Manya Matveev Interior October 08th, 2017
Create a feature wall. Embrace the dark side with a single feature wall. The black wall in this room helps to put the bed and lights at center stage while the remaining white walls and crisp white bedding keep the look airy.
Edda Braune Bedroom October 08th, 2017
Trundle Beds Double Down on Style. I've always been partial to trundle beds. My childhood bedroom had a white iron daybed with a pop‐up trundle underneath and friends who slept over thought it was the coolest thing to have a "secret" bed that pulled out at a moment's notice. Originally designed as a sleeping pad for servants who remained by the family's side during the night trundles have evolved into a time‐honored solution for maximizing overnight quarters without taking up undue space. This trundle expands the functionality and spices up the design of a spare slim guestroom/office. The desk seems as though it would be more useful for storing nighttime reading than for doing actual work – you'd have to sit cross‐legged to type or write. Trundles don't always have to be concealed beneath a bedskirt or behind a drawer front. In this cheery eclectic bedroom the bright green of the bed frame is carried to the trundle box beneath left on display for another jolt of color. Here's another trundle right in the open. I like seeing the tiny hint of royal blue to break up all of the wood. What makes better use of space than bunk beds? Bunk beds with a pullout mattress underneath. This technique works especially well in vacation houses or for families who have relatives and friends visit frequently. Trundles beneath these twin beds double the room's sleeping capacity from two to four – a pretty nifty trick. Alternatively you could use the trundles for storage. Sleek and elegant this trundle blends so smoothly with the striated wood frame of the daybed that the handles are the only giveaway it's there at all. A trundle on rails pulls out and slides in smoothly and it's guaranteed to stay in place. What a great idea!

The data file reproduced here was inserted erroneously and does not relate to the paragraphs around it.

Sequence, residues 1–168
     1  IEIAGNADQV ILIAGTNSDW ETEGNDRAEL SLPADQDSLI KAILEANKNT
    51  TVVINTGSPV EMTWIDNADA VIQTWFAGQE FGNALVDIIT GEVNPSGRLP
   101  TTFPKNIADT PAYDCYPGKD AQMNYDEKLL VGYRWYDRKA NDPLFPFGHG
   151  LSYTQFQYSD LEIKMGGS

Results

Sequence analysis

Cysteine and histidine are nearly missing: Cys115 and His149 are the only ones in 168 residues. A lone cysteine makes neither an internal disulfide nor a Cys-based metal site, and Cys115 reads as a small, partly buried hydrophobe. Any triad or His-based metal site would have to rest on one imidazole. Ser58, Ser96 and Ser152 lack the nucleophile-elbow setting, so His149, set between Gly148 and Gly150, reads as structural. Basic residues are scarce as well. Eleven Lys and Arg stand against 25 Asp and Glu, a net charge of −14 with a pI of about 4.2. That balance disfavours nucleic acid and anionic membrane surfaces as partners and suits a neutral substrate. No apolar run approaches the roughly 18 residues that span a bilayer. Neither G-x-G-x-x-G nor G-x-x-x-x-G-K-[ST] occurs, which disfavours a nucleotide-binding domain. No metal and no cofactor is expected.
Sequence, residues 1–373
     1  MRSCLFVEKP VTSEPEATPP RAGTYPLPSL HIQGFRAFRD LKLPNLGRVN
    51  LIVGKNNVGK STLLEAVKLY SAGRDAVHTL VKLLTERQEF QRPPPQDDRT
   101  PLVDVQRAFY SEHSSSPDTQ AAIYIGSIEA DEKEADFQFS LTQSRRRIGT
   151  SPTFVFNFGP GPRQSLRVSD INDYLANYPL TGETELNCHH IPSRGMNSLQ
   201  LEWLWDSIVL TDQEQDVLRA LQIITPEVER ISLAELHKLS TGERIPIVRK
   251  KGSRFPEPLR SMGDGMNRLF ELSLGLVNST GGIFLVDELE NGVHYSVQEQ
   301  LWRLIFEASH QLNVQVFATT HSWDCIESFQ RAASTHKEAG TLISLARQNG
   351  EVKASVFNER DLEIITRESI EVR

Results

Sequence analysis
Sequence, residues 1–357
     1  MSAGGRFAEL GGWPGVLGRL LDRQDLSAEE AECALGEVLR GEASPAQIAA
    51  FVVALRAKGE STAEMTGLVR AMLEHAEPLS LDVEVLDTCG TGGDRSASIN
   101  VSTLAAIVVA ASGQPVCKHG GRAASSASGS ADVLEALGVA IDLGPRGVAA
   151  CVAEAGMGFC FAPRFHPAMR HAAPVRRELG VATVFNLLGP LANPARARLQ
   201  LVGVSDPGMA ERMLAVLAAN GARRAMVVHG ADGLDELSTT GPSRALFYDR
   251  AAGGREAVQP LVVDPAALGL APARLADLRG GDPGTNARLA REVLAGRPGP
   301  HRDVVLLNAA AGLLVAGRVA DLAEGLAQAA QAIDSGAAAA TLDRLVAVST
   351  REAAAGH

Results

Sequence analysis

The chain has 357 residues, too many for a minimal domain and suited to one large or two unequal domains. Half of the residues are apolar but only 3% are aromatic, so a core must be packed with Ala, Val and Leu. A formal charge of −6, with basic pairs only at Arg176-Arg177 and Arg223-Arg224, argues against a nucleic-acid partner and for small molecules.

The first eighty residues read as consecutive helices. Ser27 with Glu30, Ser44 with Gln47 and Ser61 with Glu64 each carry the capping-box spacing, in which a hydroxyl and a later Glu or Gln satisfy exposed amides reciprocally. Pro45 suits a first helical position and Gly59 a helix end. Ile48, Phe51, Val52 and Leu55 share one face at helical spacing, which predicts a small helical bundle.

Manya Matveev Interior January 16th, 2017
Choose the right reclaimed wood. Reclaimed wood can come from a variety of sources – shipping pallets boats barns sheds mills commercial structures and even your home if you're remodeling. It's possible to score a pile of reclaimed wood for free if you know where to look and can do the legwork.